Amoeblog

Huge Vinyl Collection to Hit Amoeba Hollywood on 7/21. Eastern European Classical Gems Galore!

Posted by Rubin Meisel, June 28, 2012 12:40pm | Post a Comment

We were lucky enough to buy a huge collection of vinyl from a well-known collector who lived in Kew Gardens in the New York Borough of Queens and collected a bit of every thing. My task is to describe what, in my 39 years of experience, is the most eclectic collection of classical music I have ever seen.

Normally, when one sees a large collection of classical, you see Beethoven, Mozart, Bach, and so forth, performed by world renowned artists. But Ed (withholding his last name) collected mainly 20th-century composers from every European country and a lot of American music that has been unjustly forgotten.

I think I know my composers, but there were a number of them in this collection that I have never heard of and whose existence is scantly documented in reference books that are in the English language.

One of the few sanguine effects of Eastern European communism was that each country had it’s own state-run record label that methodically recorded the music of every prominent living composer.

MelodiyaHere are a few examples:

 

COUNTRY LABEL
 Soviet Union  Melodiya
Romania  Electrocord
Bulgaria Balkaton
Hungary Hungaroton
Czechoslovakia Supraphon
East Germany Nova


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Happy Birthday Gábor Szabó!!

Posted by Whitmore, March 8, 2010 09:22pm | Post a Comment
Gabor Szabo 
According to legend -- and we always print the myth around here -- while growing up in Budapest, the Hungarian born jazz legend Gabor Szabo was inspired to pick up the guitar after seeing a Roy Rogers singing cowboy feature. He started playing at about fourteen and at the age of twenty, on the eve of the anti-Communist uprising, he and his family escaped the Iron Curtain for sun saturated California.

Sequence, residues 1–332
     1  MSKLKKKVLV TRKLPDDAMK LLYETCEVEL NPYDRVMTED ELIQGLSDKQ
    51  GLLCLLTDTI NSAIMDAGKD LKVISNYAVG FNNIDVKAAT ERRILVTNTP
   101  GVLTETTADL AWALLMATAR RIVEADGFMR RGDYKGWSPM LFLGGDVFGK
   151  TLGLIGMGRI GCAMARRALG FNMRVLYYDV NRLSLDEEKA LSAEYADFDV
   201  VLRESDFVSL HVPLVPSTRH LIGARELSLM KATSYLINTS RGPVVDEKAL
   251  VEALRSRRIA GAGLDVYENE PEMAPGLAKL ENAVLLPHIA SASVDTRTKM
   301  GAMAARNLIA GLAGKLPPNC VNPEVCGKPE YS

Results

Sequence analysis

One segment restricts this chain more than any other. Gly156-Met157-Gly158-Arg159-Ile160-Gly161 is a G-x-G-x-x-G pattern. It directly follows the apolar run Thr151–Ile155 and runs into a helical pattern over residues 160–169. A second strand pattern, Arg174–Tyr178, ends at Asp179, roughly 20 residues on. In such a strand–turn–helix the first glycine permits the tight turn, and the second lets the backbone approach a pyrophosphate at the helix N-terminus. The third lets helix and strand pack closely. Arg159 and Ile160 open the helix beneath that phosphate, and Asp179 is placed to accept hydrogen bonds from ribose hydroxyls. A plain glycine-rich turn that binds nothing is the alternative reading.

After attending Berklee College (1958-60), he joined Chico Hamilton’s celebrated quintet featuring Charles Lloyd. Gabor Szabo would develop into one of the most original guitarists to emerge in the 1960s, crafting a singular and distinctive sound. From about 1966 on he would lead his own bands (that year alone he released four albums including the stellar Spellbinder and Jazz Raga -- with one of the coolest looking album covers ever printed!). Unlike most every jazz guitarist of the day, Szabo almost always played an acoustic guitar, specifically a Martin Dreadnought guitar, usually the D-45 or the D-285. I suspect Szabo, for the most part, was never taken as seriously as he would have liked in the jazz world, what with his mixing of jazz, commercial rock and pop, folk, Hungarian and gypsy music, it just didn’t fit the program. But Gabor Szabo was always the iconoclast. You can still hear his influence on modern guitarists today.
 
Szabo’s career was relatively brief. He died just short of his 46th birthday back in Budapest in 1982 from liver and kidney disease while on a visit there. Today would have been his 74th birthday. Happy birthday Gabor Szabo!